Instead, the primary worry is that during this process, your baby won’t receive the antibodies that are produced from skin-to-skin contact. When a baby suckles at the breast, their saliva comes into contact with mom’s skin—transferring germs from baby to mom and vice versa. This helps develop a strong immune system.

Yes, if you strictly bottle-feed breast milk, your baby won’t receive antibodies from contact during nursing, but it is possible to make up for this deficit elsewhere. Spend time cuddling, hugging, and kissing your baby. More skin-to-skin contact will help your body respond to your baby’s need and prepare antibodies in the same way that nursing does.

As long as you take the time to cuddle your newborn, they’ll receive antibodies.

8. Small Breasts Produce Less Milk

The size of your breasts has nothing to do with how much milk your body produces. Hormones and supply and demand, not size, is what stimulates your milk production. Larger breasts are just breasts with more fatty tissue, not more mammary glands—the glands that help produce and expel milk.

If you’re worried that you won’t be able to provide for your baby because you have smaller breasts, put that fear aside. You will be able to give your baby exactly what he or she needs, regardless of size.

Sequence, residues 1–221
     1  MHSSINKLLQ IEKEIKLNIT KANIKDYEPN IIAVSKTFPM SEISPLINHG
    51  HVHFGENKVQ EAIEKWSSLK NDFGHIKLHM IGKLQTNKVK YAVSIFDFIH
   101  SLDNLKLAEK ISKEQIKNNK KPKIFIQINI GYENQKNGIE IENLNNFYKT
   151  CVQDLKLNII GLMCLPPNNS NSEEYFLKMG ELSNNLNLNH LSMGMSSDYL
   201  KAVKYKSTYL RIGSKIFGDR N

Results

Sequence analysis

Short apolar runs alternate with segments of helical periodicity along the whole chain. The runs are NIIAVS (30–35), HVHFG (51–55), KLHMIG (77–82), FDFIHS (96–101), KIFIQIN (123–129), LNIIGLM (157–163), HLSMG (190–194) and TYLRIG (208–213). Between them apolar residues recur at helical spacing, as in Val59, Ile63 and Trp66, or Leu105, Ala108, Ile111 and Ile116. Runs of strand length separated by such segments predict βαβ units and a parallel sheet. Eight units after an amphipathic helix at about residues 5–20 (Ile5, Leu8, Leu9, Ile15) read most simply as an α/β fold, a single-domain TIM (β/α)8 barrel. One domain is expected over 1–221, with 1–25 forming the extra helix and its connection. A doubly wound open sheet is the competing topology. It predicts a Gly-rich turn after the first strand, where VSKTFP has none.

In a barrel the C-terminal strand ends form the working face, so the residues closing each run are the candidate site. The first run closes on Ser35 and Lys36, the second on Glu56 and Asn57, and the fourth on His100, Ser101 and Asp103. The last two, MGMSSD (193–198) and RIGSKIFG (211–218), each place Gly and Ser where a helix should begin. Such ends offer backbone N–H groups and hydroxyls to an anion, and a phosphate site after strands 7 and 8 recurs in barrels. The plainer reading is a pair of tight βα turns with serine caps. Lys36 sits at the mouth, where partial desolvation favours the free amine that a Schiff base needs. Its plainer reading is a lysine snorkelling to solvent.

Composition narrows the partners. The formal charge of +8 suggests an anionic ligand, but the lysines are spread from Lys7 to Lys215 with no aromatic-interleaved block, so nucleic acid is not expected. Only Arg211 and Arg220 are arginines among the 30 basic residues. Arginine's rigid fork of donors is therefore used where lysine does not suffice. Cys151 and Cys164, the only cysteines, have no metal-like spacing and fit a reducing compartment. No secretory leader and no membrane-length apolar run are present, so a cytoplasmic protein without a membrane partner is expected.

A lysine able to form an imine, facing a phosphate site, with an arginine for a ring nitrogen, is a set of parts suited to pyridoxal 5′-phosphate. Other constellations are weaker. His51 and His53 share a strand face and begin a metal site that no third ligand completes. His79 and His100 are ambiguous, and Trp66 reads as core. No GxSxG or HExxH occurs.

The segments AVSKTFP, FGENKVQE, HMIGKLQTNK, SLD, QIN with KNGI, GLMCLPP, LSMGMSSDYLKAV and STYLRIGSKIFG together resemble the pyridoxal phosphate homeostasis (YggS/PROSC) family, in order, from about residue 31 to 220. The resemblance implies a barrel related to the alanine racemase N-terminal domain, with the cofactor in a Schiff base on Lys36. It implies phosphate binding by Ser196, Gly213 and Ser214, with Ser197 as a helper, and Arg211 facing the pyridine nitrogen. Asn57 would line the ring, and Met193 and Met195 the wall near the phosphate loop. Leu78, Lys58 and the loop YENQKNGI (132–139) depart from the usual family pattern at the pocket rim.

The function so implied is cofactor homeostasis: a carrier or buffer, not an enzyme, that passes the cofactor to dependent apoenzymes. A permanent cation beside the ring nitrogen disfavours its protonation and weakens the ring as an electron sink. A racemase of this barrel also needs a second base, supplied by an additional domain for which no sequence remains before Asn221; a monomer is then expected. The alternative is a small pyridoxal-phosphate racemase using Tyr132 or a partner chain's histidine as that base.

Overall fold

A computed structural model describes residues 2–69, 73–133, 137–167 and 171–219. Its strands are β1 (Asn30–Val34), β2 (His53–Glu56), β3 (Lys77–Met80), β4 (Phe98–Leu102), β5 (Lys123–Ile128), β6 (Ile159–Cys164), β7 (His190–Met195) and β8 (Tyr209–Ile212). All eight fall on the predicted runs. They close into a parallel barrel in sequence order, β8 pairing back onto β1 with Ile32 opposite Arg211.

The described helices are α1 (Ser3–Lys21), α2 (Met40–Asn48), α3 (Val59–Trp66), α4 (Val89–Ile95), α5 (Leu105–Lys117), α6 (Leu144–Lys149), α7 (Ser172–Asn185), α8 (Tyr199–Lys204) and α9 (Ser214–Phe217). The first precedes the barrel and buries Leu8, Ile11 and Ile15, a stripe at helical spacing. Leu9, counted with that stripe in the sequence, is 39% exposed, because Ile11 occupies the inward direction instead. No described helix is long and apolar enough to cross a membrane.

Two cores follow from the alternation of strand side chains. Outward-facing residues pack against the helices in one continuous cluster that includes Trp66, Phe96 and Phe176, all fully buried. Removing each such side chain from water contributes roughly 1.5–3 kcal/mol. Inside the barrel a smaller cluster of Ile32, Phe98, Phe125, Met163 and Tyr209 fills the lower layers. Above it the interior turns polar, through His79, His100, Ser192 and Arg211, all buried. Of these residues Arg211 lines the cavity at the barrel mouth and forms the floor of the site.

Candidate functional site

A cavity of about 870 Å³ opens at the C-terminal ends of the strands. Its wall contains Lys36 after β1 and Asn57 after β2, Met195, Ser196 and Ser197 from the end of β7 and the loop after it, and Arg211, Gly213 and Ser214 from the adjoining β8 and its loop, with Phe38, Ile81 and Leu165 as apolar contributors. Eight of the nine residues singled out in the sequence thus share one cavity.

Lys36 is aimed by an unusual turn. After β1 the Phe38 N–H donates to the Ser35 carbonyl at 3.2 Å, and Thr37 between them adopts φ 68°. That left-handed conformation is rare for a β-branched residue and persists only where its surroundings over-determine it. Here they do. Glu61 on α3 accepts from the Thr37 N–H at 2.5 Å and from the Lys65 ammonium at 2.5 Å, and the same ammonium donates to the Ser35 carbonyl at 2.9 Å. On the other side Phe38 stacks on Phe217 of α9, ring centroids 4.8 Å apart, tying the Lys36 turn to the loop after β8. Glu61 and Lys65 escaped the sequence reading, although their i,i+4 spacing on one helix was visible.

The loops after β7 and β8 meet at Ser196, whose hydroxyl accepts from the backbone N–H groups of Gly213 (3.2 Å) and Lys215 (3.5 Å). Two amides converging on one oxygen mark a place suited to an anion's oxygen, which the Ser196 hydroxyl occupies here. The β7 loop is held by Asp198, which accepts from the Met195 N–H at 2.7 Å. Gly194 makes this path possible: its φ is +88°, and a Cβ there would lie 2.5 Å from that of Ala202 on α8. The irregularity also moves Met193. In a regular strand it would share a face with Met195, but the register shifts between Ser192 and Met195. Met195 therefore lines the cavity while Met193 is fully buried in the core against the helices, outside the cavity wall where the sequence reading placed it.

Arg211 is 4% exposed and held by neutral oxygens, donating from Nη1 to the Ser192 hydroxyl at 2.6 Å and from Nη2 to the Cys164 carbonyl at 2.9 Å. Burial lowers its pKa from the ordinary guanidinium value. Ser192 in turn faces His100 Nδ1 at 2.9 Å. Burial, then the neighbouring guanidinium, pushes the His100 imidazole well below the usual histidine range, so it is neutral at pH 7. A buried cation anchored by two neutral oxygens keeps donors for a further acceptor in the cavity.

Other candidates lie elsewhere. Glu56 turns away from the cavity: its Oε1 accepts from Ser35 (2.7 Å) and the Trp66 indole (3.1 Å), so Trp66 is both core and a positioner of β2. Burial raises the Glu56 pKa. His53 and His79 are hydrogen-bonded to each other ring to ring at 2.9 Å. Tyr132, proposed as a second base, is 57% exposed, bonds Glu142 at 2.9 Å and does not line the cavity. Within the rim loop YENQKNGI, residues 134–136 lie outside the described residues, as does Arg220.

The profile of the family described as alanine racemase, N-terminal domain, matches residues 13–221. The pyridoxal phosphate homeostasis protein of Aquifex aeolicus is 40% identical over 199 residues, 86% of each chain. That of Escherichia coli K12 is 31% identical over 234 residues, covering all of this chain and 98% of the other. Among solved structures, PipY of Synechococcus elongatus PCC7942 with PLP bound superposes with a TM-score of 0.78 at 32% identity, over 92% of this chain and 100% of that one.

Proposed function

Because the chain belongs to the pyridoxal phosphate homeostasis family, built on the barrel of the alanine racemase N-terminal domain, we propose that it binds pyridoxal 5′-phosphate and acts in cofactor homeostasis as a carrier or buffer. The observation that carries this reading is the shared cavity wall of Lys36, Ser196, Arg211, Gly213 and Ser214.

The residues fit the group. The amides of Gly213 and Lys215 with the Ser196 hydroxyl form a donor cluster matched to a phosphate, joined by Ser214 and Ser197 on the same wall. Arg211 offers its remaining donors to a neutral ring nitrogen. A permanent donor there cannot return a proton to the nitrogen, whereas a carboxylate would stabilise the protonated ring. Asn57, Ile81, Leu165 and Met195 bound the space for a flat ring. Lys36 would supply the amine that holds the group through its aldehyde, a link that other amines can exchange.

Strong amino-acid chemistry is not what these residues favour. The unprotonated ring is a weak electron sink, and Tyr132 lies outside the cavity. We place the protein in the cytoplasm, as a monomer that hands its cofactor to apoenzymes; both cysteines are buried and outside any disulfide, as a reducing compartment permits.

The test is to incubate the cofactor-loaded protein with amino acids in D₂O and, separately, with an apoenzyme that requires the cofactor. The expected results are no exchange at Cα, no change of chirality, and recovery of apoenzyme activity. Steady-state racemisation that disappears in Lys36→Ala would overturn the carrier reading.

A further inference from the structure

9. You Have to Pump and Dump if You Have a Drink

While we don’t recommend drinking heavily while breastfeeding, the old myth of the pump and dump isn’t accurate. It’s all about timing. In the same way and rate that alcohol leaves your bloodstream, it will leave your milk supply. It doesn’t stay stored inside of your mammary glands until that milk is expressed and thrown out. If you’ve had a drink or two, wait at least a few hours before nursing or pumping. If you want to be absolutely certain that your breast milk is alcohol free, there are dip test strips available to buy.

If you know you’re going to be out celebrating and want to ensure that your baby has enough milk while you’re gone or when the alcohol is still in your milk, do some extra pumping beforehand.

10. Don’t Pump When You’re Sick

This sounds counterintuitive, but you should still pump when you’re sick. Doing so will help protect your baby from illnesses through the transfer of germ-fighting antibodies.5 This strengthens their immune system and will help ensure that if they do happen to get sick from being in proximity with you, their illness won’t be as intense as yours.


Breastfeeding your baby will give them the best opportunity for a strong, healthy development. While nursing is the preferred method of breastfeeding, it’s not always attainable. To make sure you’re giving your baby what they need, breast pumping is encouraged. Take initiative and find a breast pump that works for you before you deliver. Thanks to the Affordable Care Act, new mothers are eligible to receive an electric breast pump covered by their insurance provider. Check with your provider and shop our selection at Byram Healthcare to find something that works for you.